Car Financing Drops for Fourth Consecutive Month

Car financing continues to show a downward trend in Pakistan as it has recorded a decline for the fourth consecutive month in this fiscal year. According to the data released by the State Bank of Pakistan (SBP), auto financing figure in October stood 1.4% lower than its September 2022 level.

In addition to various measures by the SBP to slow down auto financing, a massive increase in car prices, soaring interest rates, plant shutdowns of various assemblers in the last few months owing to import curbs and delays in the delivery of vehicles have forced buyers to defer their purchase decisions.

Related: 2023- Dark Clouds will Remain Looming on the Auto Sector

Commenting on the situation, the Head of Research at Pak Kuwait Investment Company Ltd, Samiullah Tariq while speaking to Dawn said:

“The government does not want to keep auto demand brisk. So it’s attempting to curtail the imports of parts and accessories to help the fragile balance-of-payment situation.”

He went on to add that with a further hike of the key interest rate to 16% by the SBP, auto demand will remain low for the next year at least. It may revive in case the key interest rate comes down by three to four percentage points in the coming months, he added. Mr Tariq said the benchmark interest rate has more than doubled to 16% from just 7.25% in September 2021, which is forcing consumers to pay higher monthly auto loan installments.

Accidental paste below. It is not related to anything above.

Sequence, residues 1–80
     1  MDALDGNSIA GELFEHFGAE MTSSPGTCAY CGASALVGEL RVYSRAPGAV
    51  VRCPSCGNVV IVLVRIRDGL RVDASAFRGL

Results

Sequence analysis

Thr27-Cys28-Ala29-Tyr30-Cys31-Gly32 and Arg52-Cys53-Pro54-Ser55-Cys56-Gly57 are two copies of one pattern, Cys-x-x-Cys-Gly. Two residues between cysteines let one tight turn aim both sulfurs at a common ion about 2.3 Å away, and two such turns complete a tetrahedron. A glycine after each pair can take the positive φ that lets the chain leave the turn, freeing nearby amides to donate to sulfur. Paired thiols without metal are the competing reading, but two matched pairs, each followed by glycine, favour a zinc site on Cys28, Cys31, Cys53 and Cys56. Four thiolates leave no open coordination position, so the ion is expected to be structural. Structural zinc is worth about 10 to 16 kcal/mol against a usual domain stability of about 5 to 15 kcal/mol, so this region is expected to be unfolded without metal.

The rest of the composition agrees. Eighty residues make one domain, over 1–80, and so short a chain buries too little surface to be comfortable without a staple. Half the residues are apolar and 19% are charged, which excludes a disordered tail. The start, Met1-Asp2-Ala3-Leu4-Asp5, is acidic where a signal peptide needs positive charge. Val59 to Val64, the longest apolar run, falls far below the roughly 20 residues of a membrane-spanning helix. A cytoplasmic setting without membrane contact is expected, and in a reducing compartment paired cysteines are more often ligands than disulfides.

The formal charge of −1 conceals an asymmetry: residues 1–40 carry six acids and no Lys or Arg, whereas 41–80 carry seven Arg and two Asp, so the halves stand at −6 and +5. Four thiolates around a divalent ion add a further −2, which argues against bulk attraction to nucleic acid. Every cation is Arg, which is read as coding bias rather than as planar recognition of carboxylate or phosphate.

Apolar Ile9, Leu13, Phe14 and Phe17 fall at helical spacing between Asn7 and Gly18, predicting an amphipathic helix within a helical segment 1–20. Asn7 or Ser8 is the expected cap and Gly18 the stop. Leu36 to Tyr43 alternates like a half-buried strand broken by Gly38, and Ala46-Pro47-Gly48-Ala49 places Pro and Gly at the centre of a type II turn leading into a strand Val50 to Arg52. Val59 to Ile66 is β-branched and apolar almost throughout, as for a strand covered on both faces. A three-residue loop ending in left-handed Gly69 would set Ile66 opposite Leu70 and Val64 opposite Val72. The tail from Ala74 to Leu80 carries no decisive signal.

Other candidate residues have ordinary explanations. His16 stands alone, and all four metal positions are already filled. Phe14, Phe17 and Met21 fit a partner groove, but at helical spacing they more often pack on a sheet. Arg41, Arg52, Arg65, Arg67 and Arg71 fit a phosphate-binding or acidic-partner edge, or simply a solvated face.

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Buyers have also restricted their purchases of new cars, Tariq highlighted as auto sales dropped to 39,700 units in July-October period from 74,952 units a year ago. The sales of pickups and 4x4s also dropped to 8,234 units in the same four months from 14,969 units a year ago. One of the main reasons for anxiety among buyers is an average increase of up to 40% in car prices since September 2021.

Related: Can’t Even Avail Auto Financing, Who’s Buying All These Cars?

Auto financing also faced other challenges like the upper limit of Rs 3 million on auto loans to curb the sale of costly vehicles as well as the reduction in the auto loan repayment tenor. The SBP also cut the debt-burden ratio (DBR) last year, as a result of which the monthly auto loan payment must now account for 40% or less of one’s income versus the earlier threshold of 50%.

Source: Dawn

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